Archives For March 2013

Banner -Inspiration

You must be the change you wish to see in the world. Mahatma Gandhi

For here we are not afraid to follow the truth wherever it may lead… Thomas Jefferson

Remember, we learn nothing by speaking. St. Francis of Asissi

I thought I would pull up three inspirational quotes from some of my heroes for this inspiration Sunday.

Gandhi was a man of simplicity. He lived his life with very few luxuries. But his words were full of riches. We can’t just complain about something in life. Doing only that is a worthless task. Instead of complaining work to find a solution.

Thomas Jefferson left a huge legacy of writing for us to learn from. He spent his life as a seeker of truth. He questioned everything. Like me, that got him in trouble with some.

I bring out a quote from St. Francis of Asissi in honor of the new pope.  Even though I am no longer a Catholic I wish him the best of successes.

Favorite Barn Picture….

March 30, 2013

Barn Picture FavoriteOctober 2009 — This is one of my favorite barn pictures and I have over a thousand of them. It was taken in central Wisconsin

Feeding the Cynicism….

March 29, 2013

Banner - Aside 2

I have been thinking about all the partisanship and our legislative process lately.  We seem to be in a gridlocked pattern that is almost impossible to break. Washington is completely out of step with the rest of the country.  Poll after pole tells us that we the people want them to get off their butts and do something.

Doing nothing in the U.S. Senate feeds the cynicism in the country which enhances the Republican view that government can’t do anything right. The filibuster is the latest major tool used  to accomplish that task. All it takes now it for the representatives of about 10% of the U.S. population to shut down all activity in the legislative branch.

Congress used to work 45 weeks a year in the 1970s. They now are only in session for about 32 weeks. Last year set numerous records as being the least productive senate in our history. Only 2.5% of the bills submitted were even acted upon. When I think about this I get upset.  There are so many things that need done. But then again maybe doing nothing is what is right for these times.  We need to move both of our political parties back to the center. What it will take to do that is anybody’s guess.

Source: Are you getting overcharged by your hospital? Time to become a Smart patient | VentureBeat.

Time Cover  MedicalIf you’re a patient represented by Medicare or Medicaid, you’re well served because these programs have significant market muscle: They negotiate prices below what it costs to treat patients. …..

With few exceptions, private insurers tend to be relatively weak when bargaining with hospitals, so that hospitals can extract from them prices substantially in excess of the full cost of treating privately insured patients, with profit margins sometimes in excess of 20 percent.

Finally, uninsured patients — also called “self-pay” patients — have effectively no market power at all vis-à-vis hospitals, especially when they are seriously ill and in acute need of care. Therefore, in principle, they can be charged the highly inflated list prices in the hospitals’ chargemasters, an industry term for the large list of all charges for services and materials. These prices tend to be more than twice as high as those paid by private insurers.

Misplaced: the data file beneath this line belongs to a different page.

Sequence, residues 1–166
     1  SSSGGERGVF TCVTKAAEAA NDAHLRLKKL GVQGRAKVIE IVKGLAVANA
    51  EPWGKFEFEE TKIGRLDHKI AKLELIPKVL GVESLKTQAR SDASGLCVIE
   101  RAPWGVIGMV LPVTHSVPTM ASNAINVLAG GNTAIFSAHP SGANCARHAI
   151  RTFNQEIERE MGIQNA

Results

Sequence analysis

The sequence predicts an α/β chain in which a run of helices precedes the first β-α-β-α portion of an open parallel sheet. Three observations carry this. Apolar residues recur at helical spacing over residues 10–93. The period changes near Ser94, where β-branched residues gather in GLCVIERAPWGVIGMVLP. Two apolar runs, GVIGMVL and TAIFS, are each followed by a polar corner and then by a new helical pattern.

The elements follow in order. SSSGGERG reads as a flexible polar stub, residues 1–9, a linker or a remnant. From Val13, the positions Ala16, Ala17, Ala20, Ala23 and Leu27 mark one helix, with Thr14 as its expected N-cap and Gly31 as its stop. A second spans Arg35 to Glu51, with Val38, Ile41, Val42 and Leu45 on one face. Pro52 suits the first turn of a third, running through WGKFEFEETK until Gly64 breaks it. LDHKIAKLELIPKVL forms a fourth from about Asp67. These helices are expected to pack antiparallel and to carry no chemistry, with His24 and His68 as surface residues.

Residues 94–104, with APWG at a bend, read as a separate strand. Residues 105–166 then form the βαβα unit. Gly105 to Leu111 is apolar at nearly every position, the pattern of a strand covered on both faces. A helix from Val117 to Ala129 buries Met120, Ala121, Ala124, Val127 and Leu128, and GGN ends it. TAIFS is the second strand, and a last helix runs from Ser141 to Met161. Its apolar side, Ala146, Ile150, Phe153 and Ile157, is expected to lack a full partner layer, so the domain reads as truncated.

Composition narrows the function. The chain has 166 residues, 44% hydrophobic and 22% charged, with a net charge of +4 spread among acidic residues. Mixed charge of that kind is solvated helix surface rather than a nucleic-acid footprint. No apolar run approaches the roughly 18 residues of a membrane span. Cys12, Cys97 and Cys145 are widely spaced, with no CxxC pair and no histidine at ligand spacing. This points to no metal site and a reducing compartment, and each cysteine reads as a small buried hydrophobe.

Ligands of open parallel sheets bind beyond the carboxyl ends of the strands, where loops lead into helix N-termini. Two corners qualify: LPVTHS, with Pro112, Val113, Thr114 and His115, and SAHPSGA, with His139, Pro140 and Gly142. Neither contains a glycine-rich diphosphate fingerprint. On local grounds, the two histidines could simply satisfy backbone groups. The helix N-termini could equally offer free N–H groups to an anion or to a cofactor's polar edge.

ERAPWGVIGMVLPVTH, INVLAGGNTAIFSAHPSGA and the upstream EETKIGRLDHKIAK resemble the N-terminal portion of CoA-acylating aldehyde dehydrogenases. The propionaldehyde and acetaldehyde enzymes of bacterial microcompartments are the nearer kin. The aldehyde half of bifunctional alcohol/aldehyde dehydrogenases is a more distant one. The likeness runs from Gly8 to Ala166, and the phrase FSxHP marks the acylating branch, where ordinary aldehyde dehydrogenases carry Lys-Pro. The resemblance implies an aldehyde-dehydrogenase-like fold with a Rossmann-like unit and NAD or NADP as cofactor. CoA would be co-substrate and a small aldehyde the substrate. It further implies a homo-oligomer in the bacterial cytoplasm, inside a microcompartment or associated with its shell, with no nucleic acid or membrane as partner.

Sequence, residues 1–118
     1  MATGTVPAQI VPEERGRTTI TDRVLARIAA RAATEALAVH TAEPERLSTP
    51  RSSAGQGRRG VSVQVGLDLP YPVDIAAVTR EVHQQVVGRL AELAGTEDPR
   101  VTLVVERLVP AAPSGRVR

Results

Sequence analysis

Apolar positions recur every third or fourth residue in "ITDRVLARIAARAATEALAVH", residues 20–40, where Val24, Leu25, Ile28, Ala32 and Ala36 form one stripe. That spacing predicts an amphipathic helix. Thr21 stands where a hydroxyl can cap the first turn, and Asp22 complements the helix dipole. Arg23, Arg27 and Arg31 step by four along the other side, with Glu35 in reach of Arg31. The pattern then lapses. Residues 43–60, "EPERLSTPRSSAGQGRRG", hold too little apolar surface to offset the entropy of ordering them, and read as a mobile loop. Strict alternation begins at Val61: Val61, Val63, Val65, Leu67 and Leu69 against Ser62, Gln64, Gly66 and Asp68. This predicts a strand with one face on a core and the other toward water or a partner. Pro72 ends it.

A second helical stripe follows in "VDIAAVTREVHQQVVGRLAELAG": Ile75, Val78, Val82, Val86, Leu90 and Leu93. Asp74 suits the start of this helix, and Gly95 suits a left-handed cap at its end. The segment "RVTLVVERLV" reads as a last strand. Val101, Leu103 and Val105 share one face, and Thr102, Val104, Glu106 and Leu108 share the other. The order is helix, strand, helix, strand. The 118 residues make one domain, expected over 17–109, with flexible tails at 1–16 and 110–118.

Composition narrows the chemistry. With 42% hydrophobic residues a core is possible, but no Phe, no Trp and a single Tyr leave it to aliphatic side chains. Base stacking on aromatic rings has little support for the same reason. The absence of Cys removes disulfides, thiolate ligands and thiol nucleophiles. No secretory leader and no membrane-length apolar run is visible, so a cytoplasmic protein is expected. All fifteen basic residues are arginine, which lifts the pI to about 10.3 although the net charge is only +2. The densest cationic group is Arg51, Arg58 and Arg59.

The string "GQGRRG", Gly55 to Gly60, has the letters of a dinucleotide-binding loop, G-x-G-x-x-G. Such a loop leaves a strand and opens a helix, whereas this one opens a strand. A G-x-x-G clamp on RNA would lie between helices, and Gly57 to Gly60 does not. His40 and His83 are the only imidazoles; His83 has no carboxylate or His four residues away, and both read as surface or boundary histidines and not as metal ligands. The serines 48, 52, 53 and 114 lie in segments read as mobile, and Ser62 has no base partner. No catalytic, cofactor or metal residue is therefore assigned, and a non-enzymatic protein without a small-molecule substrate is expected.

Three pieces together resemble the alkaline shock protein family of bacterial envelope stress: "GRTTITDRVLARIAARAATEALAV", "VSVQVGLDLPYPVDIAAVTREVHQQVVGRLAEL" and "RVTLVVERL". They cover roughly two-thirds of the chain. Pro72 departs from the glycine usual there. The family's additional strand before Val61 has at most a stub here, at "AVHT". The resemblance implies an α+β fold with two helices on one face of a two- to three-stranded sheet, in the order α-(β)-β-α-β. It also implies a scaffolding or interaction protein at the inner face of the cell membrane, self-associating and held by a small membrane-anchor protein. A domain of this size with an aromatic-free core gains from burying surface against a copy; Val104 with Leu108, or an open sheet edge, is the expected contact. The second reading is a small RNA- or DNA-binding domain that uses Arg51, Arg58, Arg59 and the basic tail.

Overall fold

A fellow blogger clued me in on this report about why our medical bills are so high. I now have an electronic copy of this Time issue and plan to do several posts on it in the coming weeks.  We have a major problem with out present healthcare system. We are currently spending twice as much as any other country in the world on our healthcare and actually more unhealthy and dying earlier than most.

It seems that most in Washington, especially the conservatives, want to solve our problem by denying care to those who can’t afford to pay the full bills. They want to reduce coverage for those on Medicare and Medicaid and want to repeal Obamacare; they say that will fix our problems.  That and suggesting that people die early if possible. The Time article above shows us a very different scenario of the causes for our exorbitant spending.

I certainly hope that the results of this study are taken to heart by our legislatures. But since the article basically puts much of the blame on our hospitals and caregivers I doubt it will get much response from them.  The medical lobbies in this country are among the strongest around; they spend millions every year to keep these sort of reports in the background of life.

The quote above is the crux of the problems that are further explained in the article.  The guy that can afford it the least is the one to bear the brunt of hospital overcharges as they have no market power. While Medicare and Medicaid patients are “well served” as the quote says there are still many ways to reduce costs even further. The most obvious one that the Republicans in Washington so object to is the ability of that system to bargain with the drug manufacturers for reduced rates. That seems a no-brainer to me. It would reduce costs in those systems by several billion dollars every year.  It is indeed a low hanging fruit in healthcare containment that has been left untouched because of lobbying power.

Somehow or another we need to convince our lawmakers and regulators to start looking at cost containment instead of service denial.  I will be posting several more times about what this article found on “why medical bills are killing us”. I hope you will be as astounded by the facts as I am and possibly spurred to some sort of action.